BBC Voices

Conversation in Codford about accent, dialect and attitudes to language.

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  • Recording date


  • Is part of (Collection)

    BBC Voices Recordings

  • Recording locations

    Codford, Wiltshire

  • Interviewees

    Beagley, Colin, 1964 June 21- (speaker, male, farmworker), Cole, Maurice, (speaker, male, farmer), Johnstone, Karen, 1936 Feb. 20- (speaker, female, retired), Wyeth, John, 1949 Aug. 29- (speaker, male, police officer), Wyeth, Romy, 1945 May 26- (speaker, female)

  • Interviewers

    Hughes, Gerry, 1955 Sept. 06- (speaker, male)

  • Producers

    Radio Wiltshire

  • Abstract

    [00:00:00] Interviewer introduces Colin Beagley: mention words used to mean to play truant/childs soft shoes worn for physical education. Discussion about words/phrases used in farming, description of Wiltshire gate also known locally as Hosier gate, use of a milking bale, different ways to collect straw/hay. Description of serving apprenticeship on steam threshing outfit. Mention very Wiltshire farm worker who used one word to indicate many meanings depending on the pronunciation.[00:08:05] Interviewer introduces Karen Johnstone: discussion about words used in theatre, different types of curtains. Discussion about words used to mean hot/pleased/friend/to throw/cold/to rain lightly/to rain heavily/unwell/mother/baby/young person in cheap trendy clothes and jewellery. Mention use and meaning of bling.[00:15:29] Discussion about language used by police, comment that they try to use the language of the people theyre dealing with/of the community theyre working in. Mention abbreviations that vary between different police forces. Use of copper chopper to mean air ambulance, jam sandwiches used to describe squad cars. Discussion about words used to describe going to particular local places, comment that these are conditioned by local geography. Mention words used to mean narrow walkway between or alongside buildings. Discussion about words used to describe different types of livestock.[00:23:11] Discussion about local skew bridges, reasons for this name, comment that other people dont always understand this term; mention agricultural use of skew.[00:25:48] Anecdote about not understanding use of epicyclic steering in interview she carried out when researching book about local area, discussion about epicyclic steering. Story about American tourists thinking she was referring to medieval whorehouse instead of medieval hall-house when working as tour guide. Use of Americanisms, slipping into American accent because she spent a lot of time with Americans aged 18 to 28.[00:32:52] Discussion about influence of film/television on language, how language has changed over time. Mention words used to mean word for something whose name youve forgotten/left-handed/rich/insane.[00:38:50] Discussion about Wiltshire words/phrases, anecdotes about use of Wiltshire dialect.[00:42:22] Discussion about attitudes towards regional accents today, acceptability of regional accents on radio/television, future of regional accents, importance of recording current accents and words for posterity. How speech varies across Wiltshire, possible reasons for this; similarities between Wiltshire accent and other regional accents. Discussion about their accent changing depending on how they feel/who theyre talking to, how different people perceive accents differently. Use of Wiltshire dialect, modern use of yes on end of statements/questions. Anecdote about being upset at Irish person thinking she spoke poshly.[00:49:43] Discussion about impact of many members of her family being actors on her speech, how they spoke, reasons why they spoke using received English. How speech in Swindon differs from rest of Wiltshire, reasons for this.[00:52:50] Discussion of words used to mean pregnant/drunk/kit of tools/clothes/trousers. Comment that they understand different words for trousers despite only using trousers. Mention words used to mean grandmother/grandfather. Ways of differentiating between maternal/paternal grandparents. Mention use of nicknames for family members. Local words used for different animals, use of emmets/grockles to mean tourists in Cornwall. Anecdote about man using atheists instead of aphids. Mention use of nammet/nammet time by old farm workers to mean lunch break and nammet bags to refer to their bags.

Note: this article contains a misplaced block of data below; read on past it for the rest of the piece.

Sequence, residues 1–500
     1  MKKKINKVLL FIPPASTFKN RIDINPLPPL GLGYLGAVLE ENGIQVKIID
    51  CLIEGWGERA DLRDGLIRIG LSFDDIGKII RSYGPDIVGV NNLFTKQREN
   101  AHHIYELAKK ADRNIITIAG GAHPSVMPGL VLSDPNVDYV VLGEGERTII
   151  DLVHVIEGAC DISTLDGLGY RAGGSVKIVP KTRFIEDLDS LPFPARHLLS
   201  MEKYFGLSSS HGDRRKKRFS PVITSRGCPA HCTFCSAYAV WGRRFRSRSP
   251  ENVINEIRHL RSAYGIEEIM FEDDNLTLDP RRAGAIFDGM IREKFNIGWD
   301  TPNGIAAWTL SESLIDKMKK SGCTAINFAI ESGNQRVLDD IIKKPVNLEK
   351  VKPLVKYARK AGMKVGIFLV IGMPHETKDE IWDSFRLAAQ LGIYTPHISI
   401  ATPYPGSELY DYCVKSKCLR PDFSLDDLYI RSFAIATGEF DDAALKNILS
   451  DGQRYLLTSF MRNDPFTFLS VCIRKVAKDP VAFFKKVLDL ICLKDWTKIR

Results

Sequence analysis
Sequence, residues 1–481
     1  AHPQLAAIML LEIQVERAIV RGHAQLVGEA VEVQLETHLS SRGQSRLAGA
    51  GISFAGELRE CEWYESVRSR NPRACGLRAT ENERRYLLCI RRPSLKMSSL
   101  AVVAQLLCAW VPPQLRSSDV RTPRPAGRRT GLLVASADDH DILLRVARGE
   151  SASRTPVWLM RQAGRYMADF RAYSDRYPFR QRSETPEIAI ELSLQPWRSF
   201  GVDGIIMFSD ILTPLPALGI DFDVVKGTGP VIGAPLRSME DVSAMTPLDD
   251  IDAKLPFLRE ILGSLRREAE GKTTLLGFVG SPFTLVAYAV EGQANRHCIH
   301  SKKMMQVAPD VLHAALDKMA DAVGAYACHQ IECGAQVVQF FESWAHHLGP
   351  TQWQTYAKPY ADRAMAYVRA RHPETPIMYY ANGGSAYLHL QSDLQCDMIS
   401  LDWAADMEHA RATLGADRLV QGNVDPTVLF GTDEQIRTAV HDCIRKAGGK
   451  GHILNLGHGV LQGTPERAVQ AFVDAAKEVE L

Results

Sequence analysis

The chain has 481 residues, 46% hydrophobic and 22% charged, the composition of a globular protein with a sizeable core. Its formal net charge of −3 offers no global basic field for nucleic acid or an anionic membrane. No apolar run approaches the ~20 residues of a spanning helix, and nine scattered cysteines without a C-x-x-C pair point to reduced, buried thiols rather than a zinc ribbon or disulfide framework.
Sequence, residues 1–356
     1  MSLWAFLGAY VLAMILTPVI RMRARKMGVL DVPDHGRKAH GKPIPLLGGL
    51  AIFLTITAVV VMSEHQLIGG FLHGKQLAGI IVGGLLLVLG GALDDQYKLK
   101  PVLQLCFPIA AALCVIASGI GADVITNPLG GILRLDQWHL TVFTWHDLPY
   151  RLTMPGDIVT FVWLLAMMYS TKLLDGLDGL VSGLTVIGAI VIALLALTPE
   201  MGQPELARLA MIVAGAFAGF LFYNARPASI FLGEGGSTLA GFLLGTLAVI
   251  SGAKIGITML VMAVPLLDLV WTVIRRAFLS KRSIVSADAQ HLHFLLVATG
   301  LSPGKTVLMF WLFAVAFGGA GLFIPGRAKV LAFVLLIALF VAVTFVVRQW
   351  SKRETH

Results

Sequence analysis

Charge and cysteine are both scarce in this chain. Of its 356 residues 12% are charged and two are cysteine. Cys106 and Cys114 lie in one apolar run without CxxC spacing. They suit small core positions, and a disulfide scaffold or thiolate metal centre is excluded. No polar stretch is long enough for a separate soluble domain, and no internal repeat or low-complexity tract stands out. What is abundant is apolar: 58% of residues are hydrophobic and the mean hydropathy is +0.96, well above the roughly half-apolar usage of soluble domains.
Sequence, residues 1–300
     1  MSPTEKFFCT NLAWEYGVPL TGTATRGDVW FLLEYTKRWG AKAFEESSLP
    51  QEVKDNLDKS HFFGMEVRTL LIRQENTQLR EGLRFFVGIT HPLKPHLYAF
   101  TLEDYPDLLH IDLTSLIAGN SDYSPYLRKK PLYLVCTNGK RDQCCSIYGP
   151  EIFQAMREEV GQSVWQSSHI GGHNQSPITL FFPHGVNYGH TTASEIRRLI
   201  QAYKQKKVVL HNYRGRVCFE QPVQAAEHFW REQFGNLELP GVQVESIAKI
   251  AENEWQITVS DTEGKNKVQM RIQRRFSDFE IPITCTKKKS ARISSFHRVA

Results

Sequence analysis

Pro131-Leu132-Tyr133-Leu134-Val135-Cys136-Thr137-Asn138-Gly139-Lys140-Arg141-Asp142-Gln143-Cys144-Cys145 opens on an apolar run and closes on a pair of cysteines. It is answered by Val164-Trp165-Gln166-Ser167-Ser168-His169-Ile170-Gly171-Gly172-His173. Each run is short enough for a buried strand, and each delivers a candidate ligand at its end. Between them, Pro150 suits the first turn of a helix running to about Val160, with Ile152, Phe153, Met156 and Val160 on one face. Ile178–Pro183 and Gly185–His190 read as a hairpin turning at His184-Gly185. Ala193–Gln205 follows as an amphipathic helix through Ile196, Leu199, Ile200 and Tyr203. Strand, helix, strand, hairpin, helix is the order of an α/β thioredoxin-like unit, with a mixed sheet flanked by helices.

• Description

    Recording made for BBC Voices project of a conversation guided by a BBC interviewer. The conversation follows a loose structure based on eliciting opinions about accents, dialects, the words we use and people's attitude to language. The five interviewees are all Codford Parish Councillors.

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